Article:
Neophobia in children can be lessened in degree or even overcome through role models (parents, teachers, superheroes or peers). If these models create a positive impression, children may be positively influenced to be open to new nutritious foods. Studies have shown that children who are allowed to touch and play with their food are much less likely to develop food neophobia.
Food phobias (for that matter, any type of phobia) not only impact the sufferers and their quality of life, but they also affect family members. A harried mother, trying desperately to feed her child, will soon despair and vent her frustration on other family members.
Mealtimes become a battleground and the family’s focus will be on the child who is suffering, relegating the needs of siblings to the background. Individual stress levels increase, affecting short-term and long-term health. Parents, whose children are fussy eaters, tend to be frustrated and this affects how they view, love and parent that child.
First of all, you must sit down for a family meal as often as possible. Teach your children that they eat food to nourish their bodies. Allow them to eat how much they choose because they can recognise when they are full.
You should ensure that children are not under stress because of their phobia as it can be harmful to their physical and emotional health.
You should also remember that fear usually thrives in negative, disempowering, suppressive environments. If you make negative statements about children’s eating habits, they will eat less and end up having poor health. On the other hand, if you appreciate and encourage your children about their eating habits, they will eat well and enjoy good health.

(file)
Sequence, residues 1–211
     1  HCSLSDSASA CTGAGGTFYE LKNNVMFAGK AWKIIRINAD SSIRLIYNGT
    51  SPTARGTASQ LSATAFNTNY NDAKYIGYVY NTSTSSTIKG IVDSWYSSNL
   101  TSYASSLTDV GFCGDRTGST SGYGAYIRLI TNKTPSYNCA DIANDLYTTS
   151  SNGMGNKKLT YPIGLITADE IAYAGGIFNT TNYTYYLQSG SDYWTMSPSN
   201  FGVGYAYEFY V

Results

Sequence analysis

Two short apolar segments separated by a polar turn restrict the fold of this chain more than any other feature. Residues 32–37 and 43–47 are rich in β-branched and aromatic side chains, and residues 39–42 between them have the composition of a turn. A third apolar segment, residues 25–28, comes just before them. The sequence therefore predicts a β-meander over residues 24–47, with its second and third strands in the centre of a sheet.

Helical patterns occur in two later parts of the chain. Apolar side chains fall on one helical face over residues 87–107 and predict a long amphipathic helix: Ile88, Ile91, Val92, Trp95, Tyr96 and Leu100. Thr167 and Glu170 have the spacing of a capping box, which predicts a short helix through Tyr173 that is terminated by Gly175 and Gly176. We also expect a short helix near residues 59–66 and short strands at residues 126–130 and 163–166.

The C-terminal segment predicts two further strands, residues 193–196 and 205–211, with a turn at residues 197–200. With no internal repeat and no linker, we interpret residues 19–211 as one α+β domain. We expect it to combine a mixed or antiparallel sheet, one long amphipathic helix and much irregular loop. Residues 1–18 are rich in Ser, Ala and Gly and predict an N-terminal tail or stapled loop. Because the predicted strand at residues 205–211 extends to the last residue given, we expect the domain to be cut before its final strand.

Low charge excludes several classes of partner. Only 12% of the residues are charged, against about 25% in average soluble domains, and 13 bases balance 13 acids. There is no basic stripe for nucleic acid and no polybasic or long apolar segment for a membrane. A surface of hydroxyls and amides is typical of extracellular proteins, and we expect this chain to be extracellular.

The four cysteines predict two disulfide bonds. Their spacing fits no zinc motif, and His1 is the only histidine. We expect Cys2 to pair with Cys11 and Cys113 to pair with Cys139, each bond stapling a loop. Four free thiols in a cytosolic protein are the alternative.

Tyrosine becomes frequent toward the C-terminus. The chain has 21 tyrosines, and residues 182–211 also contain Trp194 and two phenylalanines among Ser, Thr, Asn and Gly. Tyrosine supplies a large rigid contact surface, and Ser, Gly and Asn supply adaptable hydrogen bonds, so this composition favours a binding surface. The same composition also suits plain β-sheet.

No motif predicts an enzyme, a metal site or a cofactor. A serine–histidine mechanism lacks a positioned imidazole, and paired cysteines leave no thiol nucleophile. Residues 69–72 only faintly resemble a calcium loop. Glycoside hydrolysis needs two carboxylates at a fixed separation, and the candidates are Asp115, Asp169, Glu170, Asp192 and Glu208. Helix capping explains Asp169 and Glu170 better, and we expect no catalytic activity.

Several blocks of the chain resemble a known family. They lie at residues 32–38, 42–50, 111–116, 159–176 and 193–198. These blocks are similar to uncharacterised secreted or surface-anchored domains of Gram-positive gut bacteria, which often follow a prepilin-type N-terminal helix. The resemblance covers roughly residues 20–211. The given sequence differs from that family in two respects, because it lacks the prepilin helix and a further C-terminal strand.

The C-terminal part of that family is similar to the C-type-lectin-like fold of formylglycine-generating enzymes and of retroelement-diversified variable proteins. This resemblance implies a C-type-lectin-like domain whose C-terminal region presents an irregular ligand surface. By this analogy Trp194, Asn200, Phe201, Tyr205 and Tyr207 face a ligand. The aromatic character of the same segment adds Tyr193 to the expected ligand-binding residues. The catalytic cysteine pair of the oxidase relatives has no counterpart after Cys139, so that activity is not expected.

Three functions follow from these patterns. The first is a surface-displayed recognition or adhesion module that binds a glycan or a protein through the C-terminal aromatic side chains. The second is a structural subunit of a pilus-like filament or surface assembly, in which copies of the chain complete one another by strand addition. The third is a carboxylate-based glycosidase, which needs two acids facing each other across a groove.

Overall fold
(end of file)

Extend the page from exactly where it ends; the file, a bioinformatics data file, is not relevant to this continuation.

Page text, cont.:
According to Mallika, the first reaction to anything new is that our body rejects it. It might take some time, maybe even a fraction of a second, before both the body and brain learn to accept the new experience. It is, therefore, important for you to teach your children to differentiate between positive and negative experiences and old and new experiences. You must also teach them to transform what they can and learn to accept what they can’t. Learning to accept the new – both comfortable and uncomfortable is a valuable life skill that needs to be instilled in children very early by parents and teachers.
Movement and exercise are just as critical for young bodies and minds. The more they move, climb, jump, commune with nature and laugh, the clearer their head and heart will be. As Mallika says, “Fear is darkness, clarity is light.” Let us lead our children from this darkness to light.
Megha, who has a young daughter, says, “Keeping strict family mealtimes helps my daughter follow good eating habits... Thanks to the mealtime rules that we have come up with, there is no difference of opinion at the table.”
Shruti found mealtimes stressful because her 6-year-old son refused to try new healthy foods, especially vegetables, cereals and pulses until recently. “This stress was not only restricted to meal times, it would also reflect on all other aspects of our relationship. Realising its impact changed my approach. I’m now trying to do what works for me - to be gentle and loving towards my son.”
Smitha Suresh is a renowned nutritionist and child specialist from Chennai